Dora proved one of the most popular and long-lasting strips in Jinty’s first line-up. She was the only one of two Jinty characters to return after a break and, unlike “Fran’ll Fix It!”, it was not due to popular demand from readers.

Make-Believe Mandy (1974)

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Publication: 11/5/74-31/8/74
Artist: Ana Rodriguez
Writer: Unknown

Pat Mills once said in an interview that there were three lynchpins that a new comic for girls must have (personally, I think there are five: Cinderella story, slave story, friendship story, humour story and spooky story). He identified them as the slave story, the friendship story, and the Cinderella story. The slave story and Cinderella story had been phased out of IPC by the 1980s but still continued at DCT.

At any rate, the case of the first Jinty, the slave story was “Merry at Misery House”, the friendship story was “Angela’s Angels” – and the Cinderella story was “Make-Believe Mandy”. Mandy was the first Jinty story drawn by Ana Rodriguez, who would be a regular on the Jinty team for the next two years.


Mandy is the Cinderella of the Miller household. The parents make her do all the housework and slave in their second hand clothes shop while they devote all their attention and money on their spoiled daughter Dinah. The parents send Dinah to a posh stage school and even hire a hall for her birthday. Mandy takes refuge in dress-up and fantasy, and particularly loves to act as a princess.

The Millers exclude Mandy from Dinah’s birthday celebrations, calling her plain, ugly, useless and not fit to be seen with Dinah. Poor Mandy is starting to believe it herself, but tries to go to the party anyway. But when she arrives, the parents tell her that they didn’t want her and to go away. Dad throws Mandy’s present for Dinah on the ground while Dinah says, “D’you think I want my friends to see what an ugly sister I’ve got?” Mandy now realises her family hate her, and she has no idea why. A mystery to be solved and to hook the readers in even further!

Earlier that evening Dad had seen an advert for an audition for a princess in an amateur play, with all applicants receiving 50p. Now that is a bit weird, isn’t it? Dad threw the paper aside while Dinah scorned such a lowly role. But when Mandy comes home, she finds the advert and decides to have a go, despite how the Millers’ taunts erode her self-confidence. After all, a princess is her favourite fantasy. What nobody realises is that the advert has a connection with the reason for the Millers’ hatred of Mandy.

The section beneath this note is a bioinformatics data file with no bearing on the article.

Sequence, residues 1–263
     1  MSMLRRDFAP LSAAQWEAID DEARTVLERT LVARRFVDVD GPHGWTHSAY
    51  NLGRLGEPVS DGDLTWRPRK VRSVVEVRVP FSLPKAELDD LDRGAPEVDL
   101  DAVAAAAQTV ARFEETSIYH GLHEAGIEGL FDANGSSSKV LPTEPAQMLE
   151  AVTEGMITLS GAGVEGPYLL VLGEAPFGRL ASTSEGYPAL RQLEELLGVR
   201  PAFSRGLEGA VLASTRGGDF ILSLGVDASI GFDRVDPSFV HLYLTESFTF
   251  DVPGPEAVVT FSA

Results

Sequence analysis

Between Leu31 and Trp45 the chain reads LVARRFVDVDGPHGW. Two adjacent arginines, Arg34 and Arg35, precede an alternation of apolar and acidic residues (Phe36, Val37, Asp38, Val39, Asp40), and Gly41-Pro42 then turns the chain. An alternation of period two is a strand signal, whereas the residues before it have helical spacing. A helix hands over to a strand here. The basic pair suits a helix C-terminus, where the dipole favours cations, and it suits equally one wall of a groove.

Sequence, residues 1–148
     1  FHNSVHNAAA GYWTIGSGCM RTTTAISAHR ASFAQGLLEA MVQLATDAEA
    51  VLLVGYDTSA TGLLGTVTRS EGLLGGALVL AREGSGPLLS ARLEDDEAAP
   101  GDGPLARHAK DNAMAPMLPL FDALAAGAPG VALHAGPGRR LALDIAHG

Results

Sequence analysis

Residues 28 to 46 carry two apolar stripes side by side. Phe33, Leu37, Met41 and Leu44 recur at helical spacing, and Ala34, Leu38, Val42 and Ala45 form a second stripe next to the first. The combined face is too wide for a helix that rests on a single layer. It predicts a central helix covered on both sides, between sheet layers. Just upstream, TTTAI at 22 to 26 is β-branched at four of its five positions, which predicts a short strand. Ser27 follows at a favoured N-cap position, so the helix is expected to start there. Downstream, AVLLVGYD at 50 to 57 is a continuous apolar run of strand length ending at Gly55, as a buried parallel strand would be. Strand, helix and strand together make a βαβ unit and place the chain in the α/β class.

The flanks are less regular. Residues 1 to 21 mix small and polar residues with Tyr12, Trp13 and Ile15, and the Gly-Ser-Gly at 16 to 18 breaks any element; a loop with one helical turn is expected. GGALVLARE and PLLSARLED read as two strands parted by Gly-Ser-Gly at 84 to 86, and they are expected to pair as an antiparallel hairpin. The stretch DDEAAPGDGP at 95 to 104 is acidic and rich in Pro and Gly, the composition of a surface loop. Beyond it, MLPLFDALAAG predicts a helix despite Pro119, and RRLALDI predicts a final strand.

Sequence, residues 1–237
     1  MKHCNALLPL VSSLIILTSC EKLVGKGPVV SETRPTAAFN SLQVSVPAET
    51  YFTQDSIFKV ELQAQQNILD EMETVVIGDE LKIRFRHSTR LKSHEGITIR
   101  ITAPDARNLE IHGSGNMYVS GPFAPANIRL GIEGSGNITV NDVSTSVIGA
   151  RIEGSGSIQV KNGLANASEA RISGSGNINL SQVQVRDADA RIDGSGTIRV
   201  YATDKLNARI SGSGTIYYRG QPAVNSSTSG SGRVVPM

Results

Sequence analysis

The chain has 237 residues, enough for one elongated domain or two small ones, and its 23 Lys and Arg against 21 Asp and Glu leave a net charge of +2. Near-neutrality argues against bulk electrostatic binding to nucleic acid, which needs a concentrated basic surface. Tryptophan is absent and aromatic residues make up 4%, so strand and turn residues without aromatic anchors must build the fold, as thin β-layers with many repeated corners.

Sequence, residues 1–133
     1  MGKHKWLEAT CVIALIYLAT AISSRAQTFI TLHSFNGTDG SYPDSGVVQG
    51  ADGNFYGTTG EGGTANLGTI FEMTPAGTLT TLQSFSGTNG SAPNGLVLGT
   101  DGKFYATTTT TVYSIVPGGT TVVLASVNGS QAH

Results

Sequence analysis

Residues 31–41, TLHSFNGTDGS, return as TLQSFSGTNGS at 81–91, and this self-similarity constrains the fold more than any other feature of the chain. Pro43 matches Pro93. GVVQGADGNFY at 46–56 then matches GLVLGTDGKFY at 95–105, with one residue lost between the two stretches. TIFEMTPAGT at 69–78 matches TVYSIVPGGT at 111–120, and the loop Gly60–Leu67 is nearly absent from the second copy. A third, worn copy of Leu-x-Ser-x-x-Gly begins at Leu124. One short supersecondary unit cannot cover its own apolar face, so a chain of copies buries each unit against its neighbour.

The Millers hate Mandy even more when she passes the audition (which was as weird as the advert, and Mandy thinks it was a setup). If there is one thing they cannot stand, it is Mandy scoring one over Dinah, and they get more nasty than usual whenever she does. This becomes a critical plot point when Dad cottons on to what is going on here.

Ah, so there is more to the audition than an amateur play? Oh, yes. The producer, Miss Madden, promises Dinah a better life if she passes a series of tests. These tests are a test of character – testing honesty, kindness, loyalty, self-sacrifice, courage and other virtues. What have these got to do with the play? Nothing at all – it is obvious this has more to do with the reason the Millers hate Mandy. The first clue we get is when Miss Madden establishes that there is only a three month age difference between Mandy and Dinah, so how can they be sisters? Aha! So Mandy is not related to the Millers by blood, eh?

Eventually, Dad guesses Miss Madden’s motives. He does not explain what he suspects, but he wangles it for Dinah to go for the audition as well in the hope that she will grab what he thinks Miss Madden has in store for Mandy. He also makes a point of not letting Miss Madden know which girl is his real daughter – hmmm … now, that’s interesting! They also start pretending to be nice to Mandy. But of course the selfish, spoiled Dinah cannot pass the tests of virtue. When Dad finds out he is furious. He tells Dinah that she has thrown away the chance of a lifetime and given it straight to Mandy.